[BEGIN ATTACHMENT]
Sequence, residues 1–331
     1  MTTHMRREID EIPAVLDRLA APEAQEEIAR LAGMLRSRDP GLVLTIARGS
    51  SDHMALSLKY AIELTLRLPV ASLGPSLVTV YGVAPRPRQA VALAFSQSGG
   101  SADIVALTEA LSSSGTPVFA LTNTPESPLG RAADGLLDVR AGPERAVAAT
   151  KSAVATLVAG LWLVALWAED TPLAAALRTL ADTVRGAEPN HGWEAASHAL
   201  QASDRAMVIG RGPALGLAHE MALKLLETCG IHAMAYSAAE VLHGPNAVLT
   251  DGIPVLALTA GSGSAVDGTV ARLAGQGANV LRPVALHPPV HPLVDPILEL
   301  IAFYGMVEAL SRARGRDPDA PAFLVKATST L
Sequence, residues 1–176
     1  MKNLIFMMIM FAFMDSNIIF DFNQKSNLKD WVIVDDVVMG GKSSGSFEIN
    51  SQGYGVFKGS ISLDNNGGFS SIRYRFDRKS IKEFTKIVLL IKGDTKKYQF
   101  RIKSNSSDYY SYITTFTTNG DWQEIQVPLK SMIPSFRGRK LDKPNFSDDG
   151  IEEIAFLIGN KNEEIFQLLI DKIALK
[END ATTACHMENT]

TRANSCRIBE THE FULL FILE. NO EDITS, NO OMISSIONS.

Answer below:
Sequence, residues 1–331
     1  MTTHMRREID EIPAVLDRLA APEAQEEIAR LAGMLRSRDP GLVLTIARGS
    51  SDHMALSLKY AIELTLRLPV ASLGPSLVTV YGVAPRPRQA VALAFSQSGG
   101  SADIVALTEA LSSSGTPVFA LTNTPESPLG RAADGLLDVR AGPERAVAAT
   151  KSAVATLVAG LWLVALWAED TPLAAALRTL ADTVRGAEPN HGWEAASHAL
   201  QASDRAMVIG RGPALGLAHE MALKLLETCG IHAMAYSAAE VLHGPNAVLT
   251  DGIPVLALTA GSGSAVDGTV ARLAGQGANV LRPVALHPPV HPLVDPILEL
   301  IAFYGMVEAL SRARGRDPDA PAFLVKATST L
Sequence, residues 1–176
     1  MKNLIFMMIM FAFMDSNIIF DFNQKSNLKD WVIVDDVVMG GKSSGSFEIN
    51  SQGYGVFKGS ISLDNNGGFS SIRYRFDRKS IKEFTKIVLL IKGDTKKYQF
   101  RIKSNSSDYY SYITTFTTNG DWQEIQVPLK SMIPSFRGRK LDKPNFSDDG
   151  IEEIAFLIGN KNEEIFQLLI DKIALK